3.1.8. Census Transform (CT)

The CT algorithm translates the results of comparisons between a center pixel and its neighboring pixels within a window into a bit string as shown This algorithm is calculated using the Hamming distances between the census bit strings of on the corresponding match candidates, as given by where represents the census bit string from the reference image and represents the census bit string from the target image. The CT algorithm is rather robust to the disparity discontinuities because of its good outlier tolerance, as described by Humenberger et al. [43]. This claim was proven by performance comparisons between the CT algorithm and the SAD algorithm. The disparity maps produced by the CT algorithm exhibited higher matching quality at object borders than those produced by the SAD algorithm. The disadvantage of the CT algorithm is its tendency to produce incorrect matches in regions with repetitive structures. This shortcoming was mitigated by Ma et al. [44] through their modifications to the CT algorithm. They implemented additional bits to represent the differences between the pixel of interest and the neighborhood pixels. According to their results, the accuracy of the disparity map was improved and the incorrect matching problem was alleviated by this modification. In addition, the proposed algorithm demonstrated greater robustness when applied to a noisy image compared with the conventional CT algorithm.

Several researchers have also developed matching cost methods based on a combination of two algorithms. A combination of the AD and CT algorithms as shown by Mei et al. [45] successfully reduces the occurrence of errors. The reason for combining these two methods is to compensate for their respective limitations. The CT algorithm tends to produce incorrect matches in regions with repetitive local structures, whereas the AD algorithm does not performance well on large, textureless regions. Similarly, a combination of the SAD and CT algorithms will also lead to higher performance but will incur an increase in computational complexity [46]. The SAD and CT cost measures are obtained individually, and the final cost function is constructed as a linear combination of both cost measures based on a weighting factor. The accuracy improvement achieved by Zhang et al. [47] was accomplished by means of a cost measure combining the SAD approach and arm length differences (ALD). The use of ALD was inspired by the similarity of the matching pixels support regions in the vertical direction as a result of the pixels being located on the same horizontal line. This combination is able to reduce errors in most regions, especially those containing repeated color and shapes. Lee et al. [48] combined the CT and gradient difference approaches to achieve a higher matching cost quality. However, according to them, matching ambiguities can occur in certain regions as a result of similar or repetitive texture patterns.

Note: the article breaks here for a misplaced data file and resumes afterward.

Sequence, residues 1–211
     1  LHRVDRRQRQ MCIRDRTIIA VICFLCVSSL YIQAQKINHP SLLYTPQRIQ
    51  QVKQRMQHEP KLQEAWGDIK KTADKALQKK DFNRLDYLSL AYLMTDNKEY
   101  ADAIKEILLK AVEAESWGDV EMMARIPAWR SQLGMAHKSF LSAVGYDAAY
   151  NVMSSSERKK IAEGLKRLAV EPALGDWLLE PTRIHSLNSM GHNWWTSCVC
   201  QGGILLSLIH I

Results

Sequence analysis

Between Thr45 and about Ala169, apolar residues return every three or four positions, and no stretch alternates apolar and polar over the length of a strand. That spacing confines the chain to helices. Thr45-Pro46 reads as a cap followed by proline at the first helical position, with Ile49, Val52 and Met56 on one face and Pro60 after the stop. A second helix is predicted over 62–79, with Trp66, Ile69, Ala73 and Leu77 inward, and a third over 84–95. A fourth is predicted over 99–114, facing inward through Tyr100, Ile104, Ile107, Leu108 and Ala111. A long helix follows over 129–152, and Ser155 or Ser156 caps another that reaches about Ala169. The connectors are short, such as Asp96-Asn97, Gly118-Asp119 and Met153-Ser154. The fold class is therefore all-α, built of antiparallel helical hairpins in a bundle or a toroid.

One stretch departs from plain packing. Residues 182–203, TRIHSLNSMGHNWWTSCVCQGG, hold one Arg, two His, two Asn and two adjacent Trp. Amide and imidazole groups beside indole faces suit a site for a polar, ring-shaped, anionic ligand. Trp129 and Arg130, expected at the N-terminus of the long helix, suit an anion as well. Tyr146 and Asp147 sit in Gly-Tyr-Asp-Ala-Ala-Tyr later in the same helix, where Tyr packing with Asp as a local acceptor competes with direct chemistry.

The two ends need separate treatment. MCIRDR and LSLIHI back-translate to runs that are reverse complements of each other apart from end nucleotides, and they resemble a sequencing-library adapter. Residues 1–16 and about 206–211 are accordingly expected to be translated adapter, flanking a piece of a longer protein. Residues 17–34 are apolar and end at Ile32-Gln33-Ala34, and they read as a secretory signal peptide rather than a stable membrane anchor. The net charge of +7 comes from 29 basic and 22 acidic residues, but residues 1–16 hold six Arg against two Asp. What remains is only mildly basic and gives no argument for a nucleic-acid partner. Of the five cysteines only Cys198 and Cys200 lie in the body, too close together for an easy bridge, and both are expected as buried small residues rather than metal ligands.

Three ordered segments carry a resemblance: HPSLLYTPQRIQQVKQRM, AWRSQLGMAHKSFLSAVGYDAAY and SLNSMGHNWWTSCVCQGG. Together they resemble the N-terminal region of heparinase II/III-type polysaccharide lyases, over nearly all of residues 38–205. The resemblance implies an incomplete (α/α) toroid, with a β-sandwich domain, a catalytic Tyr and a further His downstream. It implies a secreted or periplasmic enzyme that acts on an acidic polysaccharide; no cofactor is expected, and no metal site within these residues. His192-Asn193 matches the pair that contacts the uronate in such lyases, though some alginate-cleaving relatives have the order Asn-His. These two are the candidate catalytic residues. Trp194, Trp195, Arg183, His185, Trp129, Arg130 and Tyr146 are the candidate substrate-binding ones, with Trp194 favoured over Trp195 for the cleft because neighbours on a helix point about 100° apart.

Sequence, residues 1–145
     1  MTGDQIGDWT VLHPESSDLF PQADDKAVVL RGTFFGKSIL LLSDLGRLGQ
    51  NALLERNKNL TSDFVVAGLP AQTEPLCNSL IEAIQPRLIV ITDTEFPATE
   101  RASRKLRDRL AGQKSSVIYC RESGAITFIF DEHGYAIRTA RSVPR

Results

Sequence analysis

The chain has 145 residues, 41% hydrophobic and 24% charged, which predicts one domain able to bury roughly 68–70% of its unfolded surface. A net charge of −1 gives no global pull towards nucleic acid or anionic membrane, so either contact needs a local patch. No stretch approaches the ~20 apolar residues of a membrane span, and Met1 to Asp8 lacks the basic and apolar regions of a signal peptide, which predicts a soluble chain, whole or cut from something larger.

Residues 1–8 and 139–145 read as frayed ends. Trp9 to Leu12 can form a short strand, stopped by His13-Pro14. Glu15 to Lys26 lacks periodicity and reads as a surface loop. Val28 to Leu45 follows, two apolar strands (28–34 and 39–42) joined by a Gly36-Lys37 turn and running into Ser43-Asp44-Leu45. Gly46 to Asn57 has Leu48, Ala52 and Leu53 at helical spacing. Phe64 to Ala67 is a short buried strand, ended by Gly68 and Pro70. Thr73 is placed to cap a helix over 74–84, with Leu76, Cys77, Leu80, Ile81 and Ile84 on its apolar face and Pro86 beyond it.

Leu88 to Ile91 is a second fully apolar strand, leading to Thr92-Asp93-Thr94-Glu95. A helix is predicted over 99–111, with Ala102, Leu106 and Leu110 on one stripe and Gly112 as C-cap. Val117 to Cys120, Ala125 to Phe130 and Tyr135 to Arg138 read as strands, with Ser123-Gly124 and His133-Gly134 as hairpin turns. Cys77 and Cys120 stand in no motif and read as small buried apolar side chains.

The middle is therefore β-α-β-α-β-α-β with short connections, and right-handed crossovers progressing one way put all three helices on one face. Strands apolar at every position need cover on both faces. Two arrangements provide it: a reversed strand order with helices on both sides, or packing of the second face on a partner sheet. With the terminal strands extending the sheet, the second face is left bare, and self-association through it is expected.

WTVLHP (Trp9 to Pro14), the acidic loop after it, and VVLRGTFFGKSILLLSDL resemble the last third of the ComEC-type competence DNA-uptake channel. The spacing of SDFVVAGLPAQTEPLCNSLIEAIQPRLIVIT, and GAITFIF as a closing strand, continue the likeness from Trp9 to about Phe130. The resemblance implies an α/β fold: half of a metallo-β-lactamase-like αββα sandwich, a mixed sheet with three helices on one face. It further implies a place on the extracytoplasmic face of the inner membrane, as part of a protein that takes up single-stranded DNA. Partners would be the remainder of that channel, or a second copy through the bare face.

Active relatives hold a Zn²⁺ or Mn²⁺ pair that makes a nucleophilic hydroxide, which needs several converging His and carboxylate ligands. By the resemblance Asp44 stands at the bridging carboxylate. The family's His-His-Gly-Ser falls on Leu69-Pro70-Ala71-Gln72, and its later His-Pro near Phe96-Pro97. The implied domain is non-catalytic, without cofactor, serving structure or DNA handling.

3.2. Cost Aggregation

Cost aggregation is the most important stage for determining the general performance of a stereo vision disparity map algorithm, especially for local methods. The purpose of cost aggregation is to minimize matching uncertainties. Cost aggregation is needed because the information obtained for a single pixel upon calculating the matching cost is not sufficient for precise matching. Local methods aggregate the matching cost by summing them over a support region [11]. This support region is typically defined by a square window centered on the current pixel of interest, as shown in Figure 4(a). The most straightforward aggregation method is to apply a simple low-pass filter in the square support window. The fixed-size window (FW) technique (e.g., binomial or Gaussian, uniform (box filters)) suffers an increased error rate when the size of the support window is increased over a certain threshold. Moreover, this method requires the parameters to be set to values suitable for the particular input dataset. Otherwise, it tends to blur object boundaries [49]. To avoid fattening artifacts near depth discontinuities, methods using shifting window or multiple windows (MW) as well as methods using adaptive windows (AW), windows with adaptive sizes, or adaptive support weights (ASW) have been developed.